This is particularly true when it comes to morality. Many cruel acts are perpetrated by people who can’t or don’t control their short-term impulses or who act in certain ways—such as getting drunk—that lead to a dampening of the contemplative self. But evil acts are also committed by smart people who adopt carefully thought-out belief systems that allow them to ignore their more morally astute gut feelings. Many slave owners were rational men who used their intelligence to defend slavery, arguing that the institution was in the best interests of those who were enslaved, and that it was grounded in scripture: Africans were the descendants of Ham, condemned by God to be “servants unto servants.” Terrorist acts such as suicide bombings are not typically carried out in an emotional frenzy; they are the consequences of deeply held belief systems and long-term deliberative planning. One of the grimmest examples of rationality gone bad can be found in the psychiatrist Robert Jay Lifton’s discussion of Nazi doctors. These men acted purposefully for years to distance themselves from their emotions, creating what Lifton describes as an “Auschwitz self” that enabled them to prevent any normal, unschooled human kindness from interfering with their jobs.

I wouldn’t want to live next door to someone whose behavior was dominated by his short-term selves, and I wouldn’t want to be such a person, either. But there is also something wrong with people who go too far in the other direction. We benefit, intellectually and personally, from the interplay between different selves, from the balance between long-term contemplation and short-term impulse. We should be wary about tipping the scales too far. The community of selves shouldn’t be a democracy, but it shouldn’t be a dictatorship, either.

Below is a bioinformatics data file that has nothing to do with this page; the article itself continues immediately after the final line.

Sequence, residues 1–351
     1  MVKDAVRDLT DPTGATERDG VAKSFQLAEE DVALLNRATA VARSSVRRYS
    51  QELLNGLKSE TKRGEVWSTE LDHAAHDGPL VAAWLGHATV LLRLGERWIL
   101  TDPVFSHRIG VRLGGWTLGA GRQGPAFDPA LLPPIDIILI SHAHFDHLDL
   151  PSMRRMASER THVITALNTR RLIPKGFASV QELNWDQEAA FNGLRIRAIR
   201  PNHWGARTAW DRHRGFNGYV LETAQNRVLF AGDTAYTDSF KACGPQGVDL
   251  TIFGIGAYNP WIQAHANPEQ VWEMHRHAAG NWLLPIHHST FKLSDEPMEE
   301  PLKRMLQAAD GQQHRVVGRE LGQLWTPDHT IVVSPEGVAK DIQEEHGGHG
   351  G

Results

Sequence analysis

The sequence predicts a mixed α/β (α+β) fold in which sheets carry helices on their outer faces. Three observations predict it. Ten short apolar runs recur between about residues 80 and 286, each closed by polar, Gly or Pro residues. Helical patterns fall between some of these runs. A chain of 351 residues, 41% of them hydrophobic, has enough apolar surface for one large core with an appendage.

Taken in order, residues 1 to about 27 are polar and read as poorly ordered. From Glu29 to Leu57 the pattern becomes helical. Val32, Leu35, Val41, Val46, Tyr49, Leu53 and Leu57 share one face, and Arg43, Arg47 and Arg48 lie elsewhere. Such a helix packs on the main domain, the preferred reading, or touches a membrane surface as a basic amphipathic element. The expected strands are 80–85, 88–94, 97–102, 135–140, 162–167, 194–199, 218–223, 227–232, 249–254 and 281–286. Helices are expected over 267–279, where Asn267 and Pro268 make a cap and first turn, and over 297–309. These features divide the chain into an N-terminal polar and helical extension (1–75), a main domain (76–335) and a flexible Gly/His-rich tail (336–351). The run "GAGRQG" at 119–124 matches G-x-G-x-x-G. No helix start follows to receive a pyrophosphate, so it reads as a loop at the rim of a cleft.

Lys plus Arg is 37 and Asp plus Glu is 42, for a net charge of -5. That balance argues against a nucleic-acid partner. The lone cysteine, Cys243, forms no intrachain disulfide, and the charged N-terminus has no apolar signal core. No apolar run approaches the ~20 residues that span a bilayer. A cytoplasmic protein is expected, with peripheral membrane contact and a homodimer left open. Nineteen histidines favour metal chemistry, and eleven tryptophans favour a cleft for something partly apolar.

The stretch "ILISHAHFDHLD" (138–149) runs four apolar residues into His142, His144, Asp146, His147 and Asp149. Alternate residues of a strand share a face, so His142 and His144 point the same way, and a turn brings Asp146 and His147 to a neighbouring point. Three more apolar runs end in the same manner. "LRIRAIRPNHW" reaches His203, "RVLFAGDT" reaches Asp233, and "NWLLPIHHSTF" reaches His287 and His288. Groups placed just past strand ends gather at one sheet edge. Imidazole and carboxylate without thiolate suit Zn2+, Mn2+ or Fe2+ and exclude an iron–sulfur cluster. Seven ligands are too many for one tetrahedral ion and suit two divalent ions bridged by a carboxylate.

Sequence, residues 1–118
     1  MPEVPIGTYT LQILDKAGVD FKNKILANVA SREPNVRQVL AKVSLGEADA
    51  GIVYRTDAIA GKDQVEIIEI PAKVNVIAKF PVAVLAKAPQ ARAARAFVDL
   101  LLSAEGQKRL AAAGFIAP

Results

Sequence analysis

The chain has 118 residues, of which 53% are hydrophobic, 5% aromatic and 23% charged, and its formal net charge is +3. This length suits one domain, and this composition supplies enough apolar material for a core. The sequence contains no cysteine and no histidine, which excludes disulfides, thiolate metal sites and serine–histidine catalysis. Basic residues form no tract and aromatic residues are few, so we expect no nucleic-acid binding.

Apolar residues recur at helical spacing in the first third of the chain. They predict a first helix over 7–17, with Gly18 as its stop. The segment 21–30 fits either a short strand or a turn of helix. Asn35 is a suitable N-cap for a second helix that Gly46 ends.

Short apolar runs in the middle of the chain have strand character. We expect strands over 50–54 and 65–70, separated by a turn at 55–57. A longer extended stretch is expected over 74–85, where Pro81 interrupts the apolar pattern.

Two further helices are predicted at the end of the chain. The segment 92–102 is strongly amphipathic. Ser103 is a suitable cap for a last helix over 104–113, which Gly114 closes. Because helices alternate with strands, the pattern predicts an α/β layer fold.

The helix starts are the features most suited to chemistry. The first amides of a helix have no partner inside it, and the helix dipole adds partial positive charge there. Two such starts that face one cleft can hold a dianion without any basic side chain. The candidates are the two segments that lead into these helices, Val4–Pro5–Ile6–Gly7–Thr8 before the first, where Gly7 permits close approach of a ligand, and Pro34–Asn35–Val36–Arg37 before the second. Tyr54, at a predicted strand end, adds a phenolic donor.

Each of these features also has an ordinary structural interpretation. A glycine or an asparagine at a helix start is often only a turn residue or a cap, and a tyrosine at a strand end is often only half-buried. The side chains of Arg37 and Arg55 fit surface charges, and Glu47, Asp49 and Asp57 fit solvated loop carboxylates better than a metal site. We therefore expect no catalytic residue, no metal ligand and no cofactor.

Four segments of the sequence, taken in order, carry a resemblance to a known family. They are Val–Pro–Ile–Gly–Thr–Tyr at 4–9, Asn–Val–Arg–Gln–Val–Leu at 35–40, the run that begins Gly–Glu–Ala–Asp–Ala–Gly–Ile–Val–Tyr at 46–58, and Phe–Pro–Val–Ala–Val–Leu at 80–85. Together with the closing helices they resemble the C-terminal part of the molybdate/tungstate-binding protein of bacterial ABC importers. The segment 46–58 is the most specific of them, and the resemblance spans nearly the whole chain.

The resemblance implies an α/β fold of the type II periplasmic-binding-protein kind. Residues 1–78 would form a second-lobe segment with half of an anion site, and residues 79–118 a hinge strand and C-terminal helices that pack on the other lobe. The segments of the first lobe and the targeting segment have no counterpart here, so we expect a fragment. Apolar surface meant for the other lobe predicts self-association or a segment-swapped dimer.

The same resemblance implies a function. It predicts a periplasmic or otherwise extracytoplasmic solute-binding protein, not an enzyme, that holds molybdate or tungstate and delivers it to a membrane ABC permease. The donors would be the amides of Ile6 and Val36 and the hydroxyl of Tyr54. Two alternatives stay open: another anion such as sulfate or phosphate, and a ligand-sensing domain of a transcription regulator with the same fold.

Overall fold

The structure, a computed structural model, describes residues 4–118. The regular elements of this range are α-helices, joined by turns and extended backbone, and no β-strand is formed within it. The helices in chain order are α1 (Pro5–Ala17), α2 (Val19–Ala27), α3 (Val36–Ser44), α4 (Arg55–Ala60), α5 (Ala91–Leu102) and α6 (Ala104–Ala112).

Paul Bloom is a professor of psychology at Yale University and the author of Descartes’ Baby: How the Science of Child Development Explains What Makes Us Human.

Also see: Interview: “Song of My Selves”. Psychologist Paul Bloom reflects on happiness, desire, memory, and the chaotic community that lives inside every human mind.

There is an endless number of ways to stimulate creativity; amongst them some of these 10 Lifehacker ideas are pretty neat!

 

It doesn’t matter whether you’re an artist or a businessperson, we all require a little creative thinking in our work. If you find you’re getting stuck, here are some of the best ways to get those creative juices flowing again.